I’m Good Enough, I’m Smart Enough, and Doggone It, People Like Me!

“Daily Affirmation with Stuart Smalley” is one of the reasons I continued to watch SNL in the 90’s.  Al Franken invented and acted out Stuart in a way that made you laugh and cringe at the same time.

I’m not an affirmation gal.  The closest I get is coaching my daughter to tell me to “Buck up, Mommy!” whenever I start to get emotional.  It works because she’s so damn cute, and any reason for tears quickly turns into laughter hearing her say those words to me.

However, there are times I need confirmation I’m on the right track and doing the right thing.

And my go-to Cartman soundbite of “Screw you guys, I’m going home” isn’t always appropriate.

Given I really don’t get into the affirmation thing, I was surprised at how much this Inc.com article resonated with me and the work I do in the HR/People world.  Here are a couple of my favorites:

“I will always maintain perspective.”

This hit home recently.  I’ve been told bad things come in threes – other than copperheads; those come in twos.  It’s a Texas thing.

In a short period of time I had three significantly crappy things happen to those I care about and myself.  I cried.  I got really pissed.  I lost sleep.

Then I remembered something my graduate school accounting professor asked me as I was in his office sobbing over a bad test score.

Him:  “Kathy, do you have a boyfriend?” (yeah – initial creep factor was 7 out of 10, but stay with me)

Me: (snot sob) “Yeesss”

Him:  “Does he support you?”

Me:  “Yes”

Him:  “Does your mom love you?”

Me: “Of course” (thinking…what the F does this have to do with me bombing this test??!!)

Him:  “Then I won’t worry about you.  You have someone who supports you and a mother who loves you.  This is just a stupid test. You will be alright”.

Bam.  Like that, I realized things I hold dear will never be diminished by a test or crappy things that I can’t control.

In HR, sometimes we think we CAN and SHOULD control everything.  Or that when bad stuff happens we have to somehow fix it.  Or we have an immediate response of “I’m sorry” for crap that is purely business and we really shouldn’t be apologizing for it.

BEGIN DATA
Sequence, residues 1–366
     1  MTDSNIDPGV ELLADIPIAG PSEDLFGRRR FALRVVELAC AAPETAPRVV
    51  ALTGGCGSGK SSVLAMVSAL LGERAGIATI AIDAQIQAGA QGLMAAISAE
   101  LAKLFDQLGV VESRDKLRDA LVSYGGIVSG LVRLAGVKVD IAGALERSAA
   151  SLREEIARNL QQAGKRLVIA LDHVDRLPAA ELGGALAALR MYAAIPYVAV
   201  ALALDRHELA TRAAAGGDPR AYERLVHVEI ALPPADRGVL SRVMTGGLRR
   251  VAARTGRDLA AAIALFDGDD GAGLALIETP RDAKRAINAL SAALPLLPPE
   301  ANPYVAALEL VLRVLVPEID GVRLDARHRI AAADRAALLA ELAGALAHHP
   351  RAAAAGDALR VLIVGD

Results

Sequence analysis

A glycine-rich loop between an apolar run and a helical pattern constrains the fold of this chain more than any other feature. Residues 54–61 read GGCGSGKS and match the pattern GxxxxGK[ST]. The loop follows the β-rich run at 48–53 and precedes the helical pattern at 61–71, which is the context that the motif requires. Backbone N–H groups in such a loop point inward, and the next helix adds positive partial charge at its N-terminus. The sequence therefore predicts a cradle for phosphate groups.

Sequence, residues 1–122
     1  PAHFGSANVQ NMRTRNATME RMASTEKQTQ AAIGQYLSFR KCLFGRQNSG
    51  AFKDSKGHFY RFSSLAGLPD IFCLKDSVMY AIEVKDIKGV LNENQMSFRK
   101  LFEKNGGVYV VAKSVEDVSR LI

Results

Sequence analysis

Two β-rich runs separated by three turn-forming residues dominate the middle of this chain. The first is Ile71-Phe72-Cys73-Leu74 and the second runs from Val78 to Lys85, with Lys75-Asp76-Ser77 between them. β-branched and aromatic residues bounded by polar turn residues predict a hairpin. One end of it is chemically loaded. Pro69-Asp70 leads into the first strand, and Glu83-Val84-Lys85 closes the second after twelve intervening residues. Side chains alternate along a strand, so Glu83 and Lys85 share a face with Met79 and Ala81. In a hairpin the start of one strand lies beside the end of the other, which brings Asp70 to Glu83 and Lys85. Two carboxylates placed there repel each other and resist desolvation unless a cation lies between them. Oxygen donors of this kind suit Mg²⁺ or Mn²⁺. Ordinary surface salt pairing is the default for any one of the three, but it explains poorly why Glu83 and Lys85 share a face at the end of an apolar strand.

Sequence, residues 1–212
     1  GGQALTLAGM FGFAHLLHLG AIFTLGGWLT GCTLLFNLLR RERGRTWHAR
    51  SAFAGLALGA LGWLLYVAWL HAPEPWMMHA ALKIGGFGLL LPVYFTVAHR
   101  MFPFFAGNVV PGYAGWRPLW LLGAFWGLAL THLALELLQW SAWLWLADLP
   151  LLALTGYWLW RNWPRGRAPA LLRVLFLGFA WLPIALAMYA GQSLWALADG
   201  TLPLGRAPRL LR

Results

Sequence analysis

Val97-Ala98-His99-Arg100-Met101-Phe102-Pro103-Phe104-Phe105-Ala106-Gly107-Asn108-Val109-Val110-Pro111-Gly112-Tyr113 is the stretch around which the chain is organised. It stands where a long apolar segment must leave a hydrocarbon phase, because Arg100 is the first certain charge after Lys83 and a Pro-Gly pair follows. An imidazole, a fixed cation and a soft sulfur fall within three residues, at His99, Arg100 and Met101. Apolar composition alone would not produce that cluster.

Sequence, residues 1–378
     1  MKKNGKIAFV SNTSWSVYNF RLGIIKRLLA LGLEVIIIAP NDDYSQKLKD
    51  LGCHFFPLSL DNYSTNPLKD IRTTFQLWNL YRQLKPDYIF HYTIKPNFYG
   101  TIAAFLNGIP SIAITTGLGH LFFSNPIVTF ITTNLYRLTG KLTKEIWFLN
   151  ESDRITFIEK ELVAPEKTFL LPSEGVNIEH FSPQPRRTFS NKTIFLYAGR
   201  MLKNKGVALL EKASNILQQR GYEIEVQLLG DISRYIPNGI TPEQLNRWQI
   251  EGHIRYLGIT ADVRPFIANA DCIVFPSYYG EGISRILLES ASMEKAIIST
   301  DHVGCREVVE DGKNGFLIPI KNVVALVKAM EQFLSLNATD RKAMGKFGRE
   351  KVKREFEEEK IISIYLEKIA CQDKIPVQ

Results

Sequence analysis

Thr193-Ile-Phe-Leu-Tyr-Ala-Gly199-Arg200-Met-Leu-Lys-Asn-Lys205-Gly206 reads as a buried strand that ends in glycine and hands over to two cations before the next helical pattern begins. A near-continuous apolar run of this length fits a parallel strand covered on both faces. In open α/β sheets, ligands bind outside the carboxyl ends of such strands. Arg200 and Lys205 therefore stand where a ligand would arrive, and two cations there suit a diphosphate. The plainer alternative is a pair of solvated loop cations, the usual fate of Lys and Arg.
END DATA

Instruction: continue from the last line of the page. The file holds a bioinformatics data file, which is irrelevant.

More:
Put it in perspective.  Do you have a support system?  Does someone love you?  Do you find meaning in your work/life?

If yes, then chances are you’ll survive whatever just made you freak out.

“In one way, I will always be last.”

As a competitive person, this was a hard one to digest.  But here’s the take-away:

“Everyone likes to be first.  But often it’s better to be last: the last to give up, the last to leave, the last to keep trying, the last to hold on to principles and values.

The world is full of people who quit.  The world is full of people who pivot (pivot is sometimes just a fancy word for “give up”).

Always be the last to give up on yourself.”

Our HR professional lives are not a sprint to the finish.  Our work lives are an endurance challenge.  Can you withstand the highs along with the lows?  Can you get yourself up to have the same conversation over and over again?  Can you see beyond today and lead through uncertainty and elements you can’t control?  Can you weather the bad and celebrate the good?

If yes, then it’s alright to be last as long as you cross the finish line.

“…and that’s…okay.”

FOT Background Check

Kathy Rapp
Kathy Rapp is the President of hrQ, where she helps companies find groovy HR Talent or HR Consultants to drive business results.  Prior to joining hrQ, Kathy booked more than 15 years of human resources leadership experience working for such companies as Morgan Stanley and First Data Corporation.  A connoisseur of the intersection between pop culture and business, Kathy believes many talent issues can be addressed via the succession planning lessons experienced by Van Halen  (David Lee/Sammy and sadly, Gary Cherone).


  1. Emily Sulzer says:

    So true. I completely bombed a test in high school and was really upset about it. A good friend of mine turned to me and said, “Imagine this test is a white spot on the blackboard of life, how significant is it going to be?” Although in the moment I didn’t appreciate the perspective, he was right. And I think of this saying every time I am freaking out and decide if whatever is happening is worth the stress/anger/tears.

    And I love the never giving up on yourself. If you always believe in you, things will be okay.

    • Kathy Rapp says:

      Thanks, Emily. That’s a good one too! Crazy that blackboards are almost obsolete…

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